CHPC is proud to present “Life of a Building”, an online educational game showing the challenges of keeping an old rental building in good financial and physical health. Play the game and see if you can make it to 15 years!
Whether you won or you lost at Life of a Building, you just experienced some of the real-life challenges facing old rental buildings in New York City!
Prewar, multifamily rental buildings like the one in the game contain 1.2 million housing units which will house the majority of New Yorkers for the foreseeable future. However, the focus of policy efforts and media attention is more often new development.
CHPC designed Life of a Building as a learning tool to raise awareness about the importance of maintaining our existing housing stock and the difficulties of running an old rental building successfully. As you have seen in the game, it is a daunting task which requires financial know-how and attentive management.
Every time you play you will face different challenges, and –as in real life– your choices will affect what happens to the building years down the road. So play again and share the game with your friends!
A NOTE ABOUT THE STORY-TELLING
Discussions about housing policy in New York City often pit landlords versus tenants and it can be difficult to engage in the topic without taking sides.
Life of a Building puts the building at the center of the game. It is the building –not the owner or the tenants– that seeks the player’s guidance in order to make it through the cycle of the game. As you play, you may even encounter that there is tenant turnover or that the building is sold to a new owner.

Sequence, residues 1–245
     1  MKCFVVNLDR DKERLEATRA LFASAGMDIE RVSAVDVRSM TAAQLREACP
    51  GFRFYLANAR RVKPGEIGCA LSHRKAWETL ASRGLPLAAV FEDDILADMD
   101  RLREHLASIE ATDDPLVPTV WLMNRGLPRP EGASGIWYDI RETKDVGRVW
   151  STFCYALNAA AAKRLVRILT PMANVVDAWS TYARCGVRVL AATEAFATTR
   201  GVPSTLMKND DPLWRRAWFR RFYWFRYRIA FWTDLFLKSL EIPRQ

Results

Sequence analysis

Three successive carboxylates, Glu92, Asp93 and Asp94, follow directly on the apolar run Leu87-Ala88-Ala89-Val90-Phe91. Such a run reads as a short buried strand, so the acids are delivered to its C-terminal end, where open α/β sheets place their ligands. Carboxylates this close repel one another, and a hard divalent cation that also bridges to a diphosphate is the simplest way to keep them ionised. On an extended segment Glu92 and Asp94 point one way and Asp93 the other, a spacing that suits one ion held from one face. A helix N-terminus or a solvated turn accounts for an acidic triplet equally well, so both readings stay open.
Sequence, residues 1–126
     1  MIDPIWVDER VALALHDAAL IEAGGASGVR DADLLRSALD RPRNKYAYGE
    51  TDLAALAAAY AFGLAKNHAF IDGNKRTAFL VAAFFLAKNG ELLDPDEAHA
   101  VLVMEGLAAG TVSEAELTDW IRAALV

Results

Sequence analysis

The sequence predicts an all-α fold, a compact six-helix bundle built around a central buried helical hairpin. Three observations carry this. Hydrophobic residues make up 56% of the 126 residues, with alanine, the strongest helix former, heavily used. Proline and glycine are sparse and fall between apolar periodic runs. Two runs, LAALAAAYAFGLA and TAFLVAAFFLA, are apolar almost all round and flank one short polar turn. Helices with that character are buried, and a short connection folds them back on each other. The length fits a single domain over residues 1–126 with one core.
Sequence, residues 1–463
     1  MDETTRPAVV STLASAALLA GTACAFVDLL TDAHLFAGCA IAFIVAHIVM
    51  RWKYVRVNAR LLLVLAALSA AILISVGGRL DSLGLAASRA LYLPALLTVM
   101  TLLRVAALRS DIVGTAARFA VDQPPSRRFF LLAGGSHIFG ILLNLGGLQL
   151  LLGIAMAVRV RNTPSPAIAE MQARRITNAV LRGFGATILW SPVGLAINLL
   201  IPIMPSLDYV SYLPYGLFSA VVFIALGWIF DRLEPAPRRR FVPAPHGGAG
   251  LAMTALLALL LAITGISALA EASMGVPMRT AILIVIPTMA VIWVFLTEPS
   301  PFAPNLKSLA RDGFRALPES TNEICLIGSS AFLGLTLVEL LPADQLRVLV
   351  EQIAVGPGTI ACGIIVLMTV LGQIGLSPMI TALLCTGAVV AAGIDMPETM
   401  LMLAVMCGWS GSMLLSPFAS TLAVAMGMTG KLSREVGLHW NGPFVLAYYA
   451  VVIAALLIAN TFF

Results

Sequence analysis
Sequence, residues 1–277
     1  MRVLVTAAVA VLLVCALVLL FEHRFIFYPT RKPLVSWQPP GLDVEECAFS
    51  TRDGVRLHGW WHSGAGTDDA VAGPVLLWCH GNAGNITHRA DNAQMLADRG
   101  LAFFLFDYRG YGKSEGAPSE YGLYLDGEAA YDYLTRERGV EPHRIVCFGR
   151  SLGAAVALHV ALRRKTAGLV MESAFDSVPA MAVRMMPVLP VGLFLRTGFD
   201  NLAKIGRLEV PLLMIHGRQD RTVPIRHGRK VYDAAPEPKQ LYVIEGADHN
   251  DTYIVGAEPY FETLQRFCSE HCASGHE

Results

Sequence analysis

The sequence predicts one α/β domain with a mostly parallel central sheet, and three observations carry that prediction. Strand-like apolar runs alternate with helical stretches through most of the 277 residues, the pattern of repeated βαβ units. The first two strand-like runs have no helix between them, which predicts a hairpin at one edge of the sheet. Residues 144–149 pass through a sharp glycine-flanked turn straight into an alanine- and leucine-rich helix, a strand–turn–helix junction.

METHODOLOGY AND GAME MECHANICS
There are endless scenarios that we could have presented in the game. We could not include them all, so we chose a sample of events that illustrate the fine balance required to retain tenants, conduct repairs and maintenance, and abide by government regulation –all while keeping the building financially sustainable, physically sound, and desirable for residents.
CHPC conducted extensive research into the challenges of owning and managing old rental buildings in New York City. We talked to for-profit and non-profit owners, property managers, lenders, underwriters, government officials and advocacy groups to pinpoint the most important issues old rental buildings face in different neighborhoods of the city. The events you will encounter in Life of a Building are representative of the main themes we heard during our interviews.
About the dials
At every turn in the game, the building’s financial health will improve or deteriorate based on the choices you make. The game also measures the physical health and the social health of the building, which indicate whether the building is in a state of good repair and whether the residents are satisfied and happy to live there, respectively.
The physical and social health of the building are important for story-telling purposes: successful buildings must be financially sustainable, but they must also be kept in good repair and aspire to be places where residents can live fulfilling lives. We did not want players to succeed in the game by skimping on maintenance or ignoring residents’ needs –even if doing so allowed them to be financially healthy. Introducing physical and social health into the game allowed us to address this.